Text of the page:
By Henry Akubuiro
The partnership between the Federal Government of Nigeria and Lagos State on the renovation of the National Theatre, said the Minister of Information and Culture, Alhaji Lai Mohammed, would bolster the national edifice.
The minister, who made the remark during an inspection tour of the National Theatre in Lagos on Saturday, in the lead up to the renovation to be done by Lagos State, described the theatre as a valuable national asset that cannot be allowed to become derelict.
He said: ‘’I want to use the opportunity to express my gratitude and that of the federal government to the governor, the government and the people of Lagos State, who have graciously offered to assist to renovate the main bowl of the National Theatre, two cinema halls, the exhibition lobby and the banquet hall as part of the collaboration between the federal government and the state, especially as the state turns 50 this year,’’ he said.
Alhaji Mohammed added: “With the hand of friendship that the Lagos Government has extended to us, we are very hopeful that we are going to get the main bowl, two cinema halls, the exhibition lobby and the banquet hall renovated and ready for the Lagos at 50 celebration.’’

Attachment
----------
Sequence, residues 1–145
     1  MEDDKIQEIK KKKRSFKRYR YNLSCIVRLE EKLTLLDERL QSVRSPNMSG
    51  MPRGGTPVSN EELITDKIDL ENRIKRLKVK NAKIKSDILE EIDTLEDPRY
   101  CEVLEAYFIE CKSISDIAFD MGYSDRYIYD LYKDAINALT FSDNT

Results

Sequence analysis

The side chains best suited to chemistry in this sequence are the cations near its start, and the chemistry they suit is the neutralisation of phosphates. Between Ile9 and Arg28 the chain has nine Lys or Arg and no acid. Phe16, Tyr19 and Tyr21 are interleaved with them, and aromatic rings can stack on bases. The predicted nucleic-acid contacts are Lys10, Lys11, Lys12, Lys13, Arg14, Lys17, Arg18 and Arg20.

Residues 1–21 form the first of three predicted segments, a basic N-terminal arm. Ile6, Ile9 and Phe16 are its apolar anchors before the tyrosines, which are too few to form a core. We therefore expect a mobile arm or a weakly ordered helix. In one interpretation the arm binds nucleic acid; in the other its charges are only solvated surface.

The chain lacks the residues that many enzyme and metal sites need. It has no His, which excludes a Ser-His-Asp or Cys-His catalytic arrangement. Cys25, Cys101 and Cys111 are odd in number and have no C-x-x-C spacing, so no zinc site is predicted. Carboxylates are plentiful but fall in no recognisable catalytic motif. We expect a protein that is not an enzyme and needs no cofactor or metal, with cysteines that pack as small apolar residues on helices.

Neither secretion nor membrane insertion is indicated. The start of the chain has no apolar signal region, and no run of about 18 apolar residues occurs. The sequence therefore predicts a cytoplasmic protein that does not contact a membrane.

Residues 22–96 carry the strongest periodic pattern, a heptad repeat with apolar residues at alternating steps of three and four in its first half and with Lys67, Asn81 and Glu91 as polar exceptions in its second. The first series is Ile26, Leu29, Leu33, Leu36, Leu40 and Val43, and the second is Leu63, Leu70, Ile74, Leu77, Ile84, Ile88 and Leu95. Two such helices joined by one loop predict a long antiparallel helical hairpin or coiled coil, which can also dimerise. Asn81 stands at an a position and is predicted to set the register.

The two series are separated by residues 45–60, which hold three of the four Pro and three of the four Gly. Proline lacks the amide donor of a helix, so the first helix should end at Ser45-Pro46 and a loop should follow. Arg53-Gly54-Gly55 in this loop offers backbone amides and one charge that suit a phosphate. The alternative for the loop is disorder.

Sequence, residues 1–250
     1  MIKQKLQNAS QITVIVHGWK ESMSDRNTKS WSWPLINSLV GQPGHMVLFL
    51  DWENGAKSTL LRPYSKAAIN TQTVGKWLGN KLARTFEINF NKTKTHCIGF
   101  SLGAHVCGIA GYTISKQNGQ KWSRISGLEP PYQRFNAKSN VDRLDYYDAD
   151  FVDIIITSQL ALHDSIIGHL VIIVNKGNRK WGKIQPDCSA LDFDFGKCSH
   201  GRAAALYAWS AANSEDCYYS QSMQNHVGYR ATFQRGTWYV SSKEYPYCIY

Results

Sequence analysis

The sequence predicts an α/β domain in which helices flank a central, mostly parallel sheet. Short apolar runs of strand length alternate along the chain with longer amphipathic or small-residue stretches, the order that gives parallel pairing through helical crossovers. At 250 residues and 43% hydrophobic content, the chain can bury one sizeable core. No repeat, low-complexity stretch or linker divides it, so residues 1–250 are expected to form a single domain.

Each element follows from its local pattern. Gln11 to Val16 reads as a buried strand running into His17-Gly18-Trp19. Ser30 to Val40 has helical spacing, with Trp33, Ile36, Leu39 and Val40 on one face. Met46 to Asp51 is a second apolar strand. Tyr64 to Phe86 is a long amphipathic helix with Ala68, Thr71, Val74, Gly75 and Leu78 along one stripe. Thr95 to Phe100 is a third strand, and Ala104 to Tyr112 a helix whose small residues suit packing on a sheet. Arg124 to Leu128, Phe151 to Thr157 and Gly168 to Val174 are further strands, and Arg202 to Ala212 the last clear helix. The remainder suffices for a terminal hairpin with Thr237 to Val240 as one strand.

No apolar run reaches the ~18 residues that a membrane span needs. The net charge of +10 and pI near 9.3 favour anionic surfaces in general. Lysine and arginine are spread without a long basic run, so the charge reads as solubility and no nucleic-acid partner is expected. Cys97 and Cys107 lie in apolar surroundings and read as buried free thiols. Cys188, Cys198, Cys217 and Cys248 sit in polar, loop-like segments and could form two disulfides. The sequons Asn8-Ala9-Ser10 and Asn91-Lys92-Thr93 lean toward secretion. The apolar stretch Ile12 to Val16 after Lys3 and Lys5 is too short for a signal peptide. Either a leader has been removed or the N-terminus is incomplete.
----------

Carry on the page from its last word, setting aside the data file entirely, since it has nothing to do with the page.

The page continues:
After the renovation, the minister promised that the edifice would not be allowed to go into a state of disrepair again.
“I want to assure Nigerians that it cannot be business as usual. The National Theatre now has a new management that is in tune with reality, and we will simply not allow the National Theatre to degenerate to the level we met it today,’’ he said, adding that it would add impetus to the creative industry.
Similarly, the minister has promised that the Federal Government wouldn’t tolerate the destruction of national monuments anywhere in the country. He spoke during a visit to the 190-year-old Brazilian style building in Lagos, another national monument, last Sunday.
The building, which was acquired and gazetted as a national monument by the federal government in 1956, was destroyed by some developers, leading to the prosecution of the matter in court by both parties over the property.
Alhaji Mohammed said the monument, built by returnee slaves from Brazil, was unique because it chronicled the historical, cultural and social relationship between Nigeria and Brazil.
“It is like a living monument of our (slave trade) past. It was a monument that exhibited the Brazilian architecture at that time, which is rare to come by anywhere in the world. It is a remembrance of what our ancestors went through in slavery and how they triumphed, came back and showed that they were well-to-do. The important thing is that a people without history will perish very fast. This building was worth billions of dollars because it symbolised our past.”
He assured that the federal government would pursue whoever has destroyed the monument: ‘’It may take time, but the hand of the law is long and the wheel of justice grinds slowly but surely,’’ he said.